Scholastic Names the Decade's Ten Big Ideas in Education

December 16, 2009 (New York, NY) – As 2009 draws to a close, Scholastic, the global children’s publishing, education and media company, today named 10 Big Ideas in Education from the first decade of the 21st Century. They are:

Alternate Paths to Teaching—from Teach for America to Troops to Teachers to urban Teaching Fellows programs, schools of education are no longer the only place that teachers begin their careers.

Transformative Technology— From whiteboards to online education, 1-to-1 computing to eReaders, for the first time in the history of American education, classrooms are increasingly plugged in – and so are the students.

Accountability—No matter where you stood in the debate on No Child Left Behind, it’s impossible to deny that this decade marked a new era with a shift toward reporting the results for every child in every school.

Data-Driven InstructionOnce we have data on every student, it’s easier to reach them quickly and to teach them better. Data is the new currency of 21st Century schools.

Charter SchoolsWhile the jury remains out on their effectiveness, there is no doubt that charter schools are incubators of innovation in education and harbingers of parent involvement in schools.

The Rise of Digital ContentBy 2020, 95% of all knowledge will be a search term away—marking a game-changing move from static pages to dynamic, digitized content.

A Focus on Adolescent Literacy—With 65% of American 8th Graders reading below grade level, teaching reading is no longer a job just for elementary school teachers. Our middle and high schools are taking dramatic steps to tackle the job of teaching reading to older, struggling students—ensuring that every child learns to read in an era of global competitiveness.

Books Are the New Black—In the decade that gave us Harry Potter, Twilight and The DaVinci Code, the hottest accessory is definitely the book. And it’s impossible to deny the power that a single book can have on children’s feelings about reading. According to the 2008 Kids and Family Reading Report, 74% of kids ages 5-17 say, “Reading Harry Potter has made me interested in reading other books.”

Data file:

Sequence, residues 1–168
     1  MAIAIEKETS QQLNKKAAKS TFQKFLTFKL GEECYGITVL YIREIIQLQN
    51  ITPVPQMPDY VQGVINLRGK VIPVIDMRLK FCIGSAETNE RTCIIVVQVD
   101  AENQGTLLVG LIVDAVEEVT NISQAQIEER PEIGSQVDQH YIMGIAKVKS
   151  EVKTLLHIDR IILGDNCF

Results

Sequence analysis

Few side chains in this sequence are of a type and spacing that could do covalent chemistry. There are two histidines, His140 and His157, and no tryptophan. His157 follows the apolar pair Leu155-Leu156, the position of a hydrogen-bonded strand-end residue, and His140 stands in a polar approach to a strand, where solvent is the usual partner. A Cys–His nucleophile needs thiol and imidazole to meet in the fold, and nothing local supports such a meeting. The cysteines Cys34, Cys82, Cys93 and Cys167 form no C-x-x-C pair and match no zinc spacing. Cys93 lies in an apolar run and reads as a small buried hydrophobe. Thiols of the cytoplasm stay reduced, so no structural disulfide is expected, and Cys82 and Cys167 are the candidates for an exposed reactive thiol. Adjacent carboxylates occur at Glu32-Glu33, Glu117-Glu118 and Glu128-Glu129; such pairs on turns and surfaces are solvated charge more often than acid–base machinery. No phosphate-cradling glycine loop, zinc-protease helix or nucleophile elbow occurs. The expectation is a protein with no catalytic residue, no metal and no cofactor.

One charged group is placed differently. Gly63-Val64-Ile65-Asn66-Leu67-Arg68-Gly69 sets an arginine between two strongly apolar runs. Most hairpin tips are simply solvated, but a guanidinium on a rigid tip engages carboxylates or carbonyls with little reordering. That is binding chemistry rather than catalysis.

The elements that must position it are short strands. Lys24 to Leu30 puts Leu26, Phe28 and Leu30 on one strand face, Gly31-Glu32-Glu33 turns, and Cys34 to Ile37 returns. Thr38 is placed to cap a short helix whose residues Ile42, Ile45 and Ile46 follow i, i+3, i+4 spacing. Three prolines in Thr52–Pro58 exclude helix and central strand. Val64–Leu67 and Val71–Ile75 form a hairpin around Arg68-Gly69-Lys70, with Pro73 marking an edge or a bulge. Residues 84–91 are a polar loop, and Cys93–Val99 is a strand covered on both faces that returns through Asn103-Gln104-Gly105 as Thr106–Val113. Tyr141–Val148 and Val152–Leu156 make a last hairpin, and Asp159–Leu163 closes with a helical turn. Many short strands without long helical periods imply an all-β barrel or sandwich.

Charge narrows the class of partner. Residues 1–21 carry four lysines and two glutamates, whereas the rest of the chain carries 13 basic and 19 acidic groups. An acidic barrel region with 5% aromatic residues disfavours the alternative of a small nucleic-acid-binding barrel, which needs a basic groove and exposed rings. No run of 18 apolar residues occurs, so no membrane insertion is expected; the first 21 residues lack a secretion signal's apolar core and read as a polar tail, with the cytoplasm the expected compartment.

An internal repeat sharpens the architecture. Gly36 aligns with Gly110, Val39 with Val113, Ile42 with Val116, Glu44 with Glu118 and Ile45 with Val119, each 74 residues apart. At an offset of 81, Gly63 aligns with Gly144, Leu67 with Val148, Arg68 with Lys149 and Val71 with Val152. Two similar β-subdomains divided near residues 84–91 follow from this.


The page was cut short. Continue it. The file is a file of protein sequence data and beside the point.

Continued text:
It Takes A VillageMore than ever, education is reaching beyond the walls of our schools to build strong communities that support learning both in and out-of-school. From the Universal Pre-K movement and burgeoning after-school programs, to summer reading initiatives and in-school community centers, we’re learning that it takes a combination of home, school and community to prepare kids for their futures.

The American Recovery & Reinvestment Act (ARRA)—Although it is the hallmark of only the last year of the decade, with its more than $100 billion dollar investment in America’s schools, ARRA represents an historic moment in American Education. While we cannot predict its impact, we can say with certainty that ARRA will leave an indelible mark on this decade of ideas in education.

“From new avenues to teaching to new ways of reaching our hardest to reach students, the past decade has been one of immense change and impressive innovation in education,” said Francie Alexander, Chief Academic Officer of Scholastic. “We are proud to name Ten Big Ideas in Education for the first decade of the 21st Century, and eager to see what comes from the second.”

To schedule an interview with Francie Alexander on the decade’s 10 Big Ideas in Education, please contact Sarah Trabucchi at or 212.343.6424.

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